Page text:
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Review: Chimera Softbox Octa Speedring for Canon Speedlites and Nikon Speedlights

Chris Gampat The Phoblographer Chimera Speedring with Softbox for Speedlites review (1 of 9)

Like many of you, I use on-camera flashes. In fact, I love them. If I don’t want to carry a giant monolight out, a speedlite (or speedlight for you Nikon users) can get the trick done with some use of the inverse square law and some smarts. I currently own the Photogenic SB2432 softbox that I absolutely adore. Adapting it required a bit of some trickery. But by using the Chimera Octa Speedring with on-camera flash adapter, I can actually use nearly any softbox there is with the exception of Westcott’s.

But is it really everything I need?

Gear Used

Tech Specs

Specs borrowed from the B&H Photo listing. I’m going to add to this that the entire thing is made of solid aluminum because whoever the writer is there did a terrible job.

Compatibility Most professional sized camera flash units with a height of 4.5 – 7.5″ (11.43 – 19 cm), measured from base to middle of the reflector.
Weight 1.0 lb (453g)

 

Educational Facts

Before we start:

- Any speedring can basically hold any softbox. Beauty dishes are another story.

- Any speedring cannot be adapted to any light. You’ll need adapter rings for that. This is because of the way that lights are designed.

Ergonomics

 

The first thing you’ll notice when you pick up this speedring is just how solidly constructed it is. It came to me in a small box but it packs a bit of weight to it and feels as if it was designed to take major abuse. This goes for both the ring and the bracket.

The bracket lays on the ring in an L shape form. In fact, when you get the package together, you’ll need to screw the bracket on using the included screws. This is really a piece of cake.

Putting the flash in requires loosening the hot shoe foot holder and then adjusting the height using the according knob.

The bottom of the bracket features a tripod screw for mounting it onto a lightstand. The screw mechanism can be taken apart and placed in any one of the holes you choose.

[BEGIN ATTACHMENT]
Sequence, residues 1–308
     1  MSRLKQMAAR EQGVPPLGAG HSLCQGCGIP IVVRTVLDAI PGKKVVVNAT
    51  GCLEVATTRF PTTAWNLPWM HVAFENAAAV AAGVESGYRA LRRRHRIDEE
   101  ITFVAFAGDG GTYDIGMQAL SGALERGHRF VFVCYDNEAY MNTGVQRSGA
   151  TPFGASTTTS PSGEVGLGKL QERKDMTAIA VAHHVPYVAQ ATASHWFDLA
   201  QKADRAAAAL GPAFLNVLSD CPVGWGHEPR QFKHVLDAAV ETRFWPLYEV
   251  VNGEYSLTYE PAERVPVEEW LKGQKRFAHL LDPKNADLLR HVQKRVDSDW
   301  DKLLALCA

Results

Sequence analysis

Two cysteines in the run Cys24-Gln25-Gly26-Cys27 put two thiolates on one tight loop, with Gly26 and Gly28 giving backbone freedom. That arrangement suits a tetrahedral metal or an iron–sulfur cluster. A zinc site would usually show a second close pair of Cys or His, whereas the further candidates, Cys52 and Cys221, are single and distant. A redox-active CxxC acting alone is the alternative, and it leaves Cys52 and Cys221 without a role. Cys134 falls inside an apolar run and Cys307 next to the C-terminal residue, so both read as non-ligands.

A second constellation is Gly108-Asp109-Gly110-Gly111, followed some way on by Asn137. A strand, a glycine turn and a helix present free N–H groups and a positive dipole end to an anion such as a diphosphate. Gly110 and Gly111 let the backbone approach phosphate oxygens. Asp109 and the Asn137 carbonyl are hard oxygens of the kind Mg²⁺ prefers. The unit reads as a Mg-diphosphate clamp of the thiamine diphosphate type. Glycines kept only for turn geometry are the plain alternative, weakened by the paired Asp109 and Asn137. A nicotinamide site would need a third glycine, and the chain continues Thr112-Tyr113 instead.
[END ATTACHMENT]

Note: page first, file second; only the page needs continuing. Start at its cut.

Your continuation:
Placing the flash is in simple enough as stated earlier. The same goes for adjustments of the height. You’ll want the flash to be as close to the inside of the softbox as you can to prevent light loss. That means moving the hot shoe foot holder in. But as you know, many on-camera flashes can be a bit bulky. And we haven’t even put on the wireless receiver yet.

With the radio receiver on, your flash will get a height boost. Depending on the design of your receiver, you may need to tilt the head another direction.

In Use

Chimera also includes a special sleeve in the box to go around the flash head and prevent light loss as well. You can see that in the photo above.

In practice, this is what I will have to mount onto a light stand when shooting.

Conclusion

I’ve shot a couple of times with this speedring, and I’m glad to report that it works just fine. With my old hack, the softbox would fall off of my flash unless someone held it in place. With the speedring, that doesn’t happen because it is so sturdy.

My only complaint is that it takes some fiddling around with to place your flash and receiver in just the right spot, but once you do you’ll be fine.

The speedring gets my highest recommendations for photographers looking to expand the capabilities of their on-camera flash; especially due to the minimal lightloss.

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